Best Picnic Spots for Families in NYC, Long Island, and Westchester
Here are the best places to go on a picnic with your family in the New York metro area.
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One of the best picnic spots in NYC can be found in Long Island City at Gantry Plaza State Park. This hip riverside spot has similar industrial vibes to the urban design of the Highline in Manhattan. There are four piers overlooking the water with views of the Empire State Building and the United Nations; the location also offers a playground, a café to grab lunch or coffee, and plenty of grassy area to set down your picnic basket. There is a fun spray pad area for children—swimsuits are required, and it’s only open when a lifeguard is on duty. For fishing hobbyists, there is a fishing pier with its own cleaning table, however grilling is not permitted in the park.
This sweeping 50+ acre reservoir in Highland Park, found on top of the Harbor Hill Moraine, was formed by a glacier and provides breathtaking views of the surrounding area, including the Rockaways, the Atlantic Ocean, Woodhaven, and cemeteries. There are grassy areas around the reservoir where you can hunker down for your picnic. You and your children will have fun spotting the collection of birds (the National Audubon Society has recorded more than 130 bird species) and wildlife that can be found roaming the diverse landscape of wetlands, fields and forest.
Cunningham Park is one of the largest parks in Queens, and without a doubt one of the best picnic spots in NYC. It has everything you need for a perfect family picnic and outing, especially if you want to use one of the barbecue areas. For those aspiring to have an athletic day, there are basketball courts, baseball fields, tennis courts, cricket fields, bike lanes, bocce courts and volleyball nets. Your children will appreciate the splash areas and playground and you can walk off your meal on one of the hiking trails.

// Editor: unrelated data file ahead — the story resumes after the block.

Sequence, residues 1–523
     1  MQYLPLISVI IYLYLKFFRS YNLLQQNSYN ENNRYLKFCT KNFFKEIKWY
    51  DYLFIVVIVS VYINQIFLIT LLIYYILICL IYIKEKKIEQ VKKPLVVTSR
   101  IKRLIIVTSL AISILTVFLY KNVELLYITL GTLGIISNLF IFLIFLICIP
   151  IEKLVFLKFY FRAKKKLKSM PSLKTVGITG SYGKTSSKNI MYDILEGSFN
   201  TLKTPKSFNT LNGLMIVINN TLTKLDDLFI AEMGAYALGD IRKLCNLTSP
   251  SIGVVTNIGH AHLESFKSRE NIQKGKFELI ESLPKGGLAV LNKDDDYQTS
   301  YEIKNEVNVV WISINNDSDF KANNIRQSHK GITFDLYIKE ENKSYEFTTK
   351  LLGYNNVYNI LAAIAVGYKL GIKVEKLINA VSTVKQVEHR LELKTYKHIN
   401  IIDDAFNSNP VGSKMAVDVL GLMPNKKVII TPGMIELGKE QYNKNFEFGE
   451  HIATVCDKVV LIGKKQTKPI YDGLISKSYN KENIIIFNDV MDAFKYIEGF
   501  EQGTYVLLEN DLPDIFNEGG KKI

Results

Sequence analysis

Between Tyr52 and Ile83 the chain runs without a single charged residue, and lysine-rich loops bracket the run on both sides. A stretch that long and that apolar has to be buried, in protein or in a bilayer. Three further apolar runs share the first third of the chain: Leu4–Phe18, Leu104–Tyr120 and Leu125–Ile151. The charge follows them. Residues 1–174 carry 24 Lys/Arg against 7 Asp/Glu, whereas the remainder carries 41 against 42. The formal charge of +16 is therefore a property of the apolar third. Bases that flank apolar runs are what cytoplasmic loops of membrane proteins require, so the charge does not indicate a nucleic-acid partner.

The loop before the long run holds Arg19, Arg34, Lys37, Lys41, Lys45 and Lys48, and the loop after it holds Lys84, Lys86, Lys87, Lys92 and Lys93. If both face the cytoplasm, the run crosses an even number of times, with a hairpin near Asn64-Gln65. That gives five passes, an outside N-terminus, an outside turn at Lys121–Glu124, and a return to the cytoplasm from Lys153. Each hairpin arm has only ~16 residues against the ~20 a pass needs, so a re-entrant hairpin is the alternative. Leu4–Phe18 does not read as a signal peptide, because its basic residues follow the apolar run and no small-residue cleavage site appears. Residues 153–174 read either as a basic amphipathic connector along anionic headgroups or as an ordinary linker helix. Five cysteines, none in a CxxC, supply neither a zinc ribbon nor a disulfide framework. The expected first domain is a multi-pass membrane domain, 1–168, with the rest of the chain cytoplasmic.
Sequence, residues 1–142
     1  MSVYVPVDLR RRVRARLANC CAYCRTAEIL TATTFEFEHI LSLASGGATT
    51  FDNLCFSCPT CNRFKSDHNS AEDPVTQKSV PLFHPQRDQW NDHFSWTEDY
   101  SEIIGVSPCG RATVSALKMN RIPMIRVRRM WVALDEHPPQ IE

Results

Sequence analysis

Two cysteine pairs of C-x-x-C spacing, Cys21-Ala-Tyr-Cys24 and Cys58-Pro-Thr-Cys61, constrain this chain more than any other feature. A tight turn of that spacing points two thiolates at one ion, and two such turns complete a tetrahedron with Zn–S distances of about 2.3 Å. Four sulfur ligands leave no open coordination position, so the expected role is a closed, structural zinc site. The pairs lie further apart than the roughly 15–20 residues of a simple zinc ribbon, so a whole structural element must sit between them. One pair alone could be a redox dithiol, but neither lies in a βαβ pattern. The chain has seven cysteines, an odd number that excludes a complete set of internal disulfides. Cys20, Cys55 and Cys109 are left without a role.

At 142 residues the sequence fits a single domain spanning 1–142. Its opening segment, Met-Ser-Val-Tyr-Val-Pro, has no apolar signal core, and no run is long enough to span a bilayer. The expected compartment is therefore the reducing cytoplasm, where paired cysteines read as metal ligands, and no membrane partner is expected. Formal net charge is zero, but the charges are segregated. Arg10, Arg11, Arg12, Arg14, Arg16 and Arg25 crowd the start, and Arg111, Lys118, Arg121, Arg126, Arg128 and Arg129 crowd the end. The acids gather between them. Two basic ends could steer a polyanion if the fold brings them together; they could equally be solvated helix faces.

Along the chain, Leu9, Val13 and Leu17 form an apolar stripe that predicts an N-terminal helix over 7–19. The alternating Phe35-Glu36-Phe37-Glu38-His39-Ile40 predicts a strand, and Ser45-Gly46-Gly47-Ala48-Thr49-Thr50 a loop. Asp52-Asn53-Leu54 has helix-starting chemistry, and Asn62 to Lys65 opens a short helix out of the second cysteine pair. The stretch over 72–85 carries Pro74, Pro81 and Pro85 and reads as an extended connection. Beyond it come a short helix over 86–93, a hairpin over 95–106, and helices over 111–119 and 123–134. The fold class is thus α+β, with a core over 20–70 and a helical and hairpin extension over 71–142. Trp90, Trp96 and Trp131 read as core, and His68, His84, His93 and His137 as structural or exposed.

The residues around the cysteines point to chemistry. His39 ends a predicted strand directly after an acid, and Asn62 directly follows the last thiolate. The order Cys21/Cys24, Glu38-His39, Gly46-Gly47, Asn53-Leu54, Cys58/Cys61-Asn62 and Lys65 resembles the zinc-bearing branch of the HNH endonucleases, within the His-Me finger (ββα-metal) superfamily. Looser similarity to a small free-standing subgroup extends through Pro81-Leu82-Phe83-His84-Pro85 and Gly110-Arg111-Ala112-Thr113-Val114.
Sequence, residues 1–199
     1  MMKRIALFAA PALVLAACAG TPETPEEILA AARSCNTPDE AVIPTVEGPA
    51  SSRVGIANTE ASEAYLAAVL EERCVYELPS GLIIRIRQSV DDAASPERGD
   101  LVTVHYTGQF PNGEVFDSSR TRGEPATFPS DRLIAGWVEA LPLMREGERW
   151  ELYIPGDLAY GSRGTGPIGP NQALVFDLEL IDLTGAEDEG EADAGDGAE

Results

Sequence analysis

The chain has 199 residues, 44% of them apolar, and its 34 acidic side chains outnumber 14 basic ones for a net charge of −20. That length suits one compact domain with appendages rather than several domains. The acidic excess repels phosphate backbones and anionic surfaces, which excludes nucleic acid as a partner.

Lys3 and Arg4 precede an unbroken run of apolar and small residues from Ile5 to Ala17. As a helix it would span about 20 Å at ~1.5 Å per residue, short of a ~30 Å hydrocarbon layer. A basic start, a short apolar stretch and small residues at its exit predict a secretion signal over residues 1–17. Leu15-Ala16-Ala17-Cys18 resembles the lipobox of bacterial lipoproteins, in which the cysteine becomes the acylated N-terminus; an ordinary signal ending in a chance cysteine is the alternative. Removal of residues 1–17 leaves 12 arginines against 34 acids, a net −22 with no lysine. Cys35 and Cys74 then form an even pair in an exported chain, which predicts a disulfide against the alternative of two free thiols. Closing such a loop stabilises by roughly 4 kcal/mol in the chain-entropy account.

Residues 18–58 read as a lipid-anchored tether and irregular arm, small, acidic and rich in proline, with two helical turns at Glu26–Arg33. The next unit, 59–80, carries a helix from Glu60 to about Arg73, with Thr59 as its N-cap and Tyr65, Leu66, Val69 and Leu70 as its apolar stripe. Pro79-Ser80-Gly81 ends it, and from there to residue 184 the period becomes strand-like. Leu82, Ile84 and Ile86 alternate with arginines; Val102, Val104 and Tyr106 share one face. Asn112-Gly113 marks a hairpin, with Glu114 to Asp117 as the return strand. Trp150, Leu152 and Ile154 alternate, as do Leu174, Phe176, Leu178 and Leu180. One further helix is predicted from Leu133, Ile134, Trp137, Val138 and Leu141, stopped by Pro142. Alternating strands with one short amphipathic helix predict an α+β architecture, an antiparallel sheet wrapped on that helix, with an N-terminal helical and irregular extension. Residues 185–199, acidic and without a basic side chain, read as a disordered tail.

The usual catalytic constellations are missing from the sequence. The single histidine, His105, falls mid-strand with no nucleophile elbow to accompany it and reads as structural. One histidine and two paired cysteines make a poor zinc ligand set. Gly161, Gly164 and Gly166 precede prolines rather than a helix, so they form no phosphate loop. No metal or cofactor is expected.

5. Forest Park
This bucolic park lives up to its name and you have vast opportunities to test out and find your favorite picnic spot in this more than 500 acre placid locale. Try sitting next to one of the various lakes or on a bench nestled in pine tree woods. The family can enjoy the hiking trails amongst the beautiful Oak trees, and there is also a private stable where you can rent horses. One of the city’s most challenging golf courses can be found on the grounds. There are also the typical park amenities such as softball, baseball, tennis and bocce. In the summer there are free concerts. You and your children will have countless charming picnics as you continue to explore this sprawling park. Fun fact: The same landscape architect who designed Central Park and Prospect Park also designed Forest Park, but this idyllic spot is less well known and has fewer visitors—making it one of the perfect picnic spots in NYC!
North Hempstead Beach Park boasts 34 acres of sandy beach where Nassau County residents can kayak, fish, and standup paddleboard. There is also a promenade where you can take a stroll along the waterfront, a fishing pier, basketball and shuffleboard courts, horseshoe pits, and a playground, as well as designated picnic areas with barbecues and shelter pavilions. Just keep in mind that permits are required for use of the fields and picnic area.
With 409 acres of gorgeous grounds, Planting Fields offers families a nature’s bounty to explore before or after your picnic. During the spring and summer months you can find colorful gardens, plenty of greenery and greenhouses, and hands-on programs for children to enjoy. While there, be sure to take a tour inside the mansion.
While Eisenhower Park is located in the middle of a very busy part of Nassau county, once you’re in the park, you’ll quickly forget about all of the hustle and bustle. Located on 930 acres, there are a number of picnic areas, as well as athletic fields and courts, playgrounds, and a 2-mile fitness trail. There's even an 18-hole miniature-golf course, batting cages, and a spray park where kids can cool off on a hot summer day.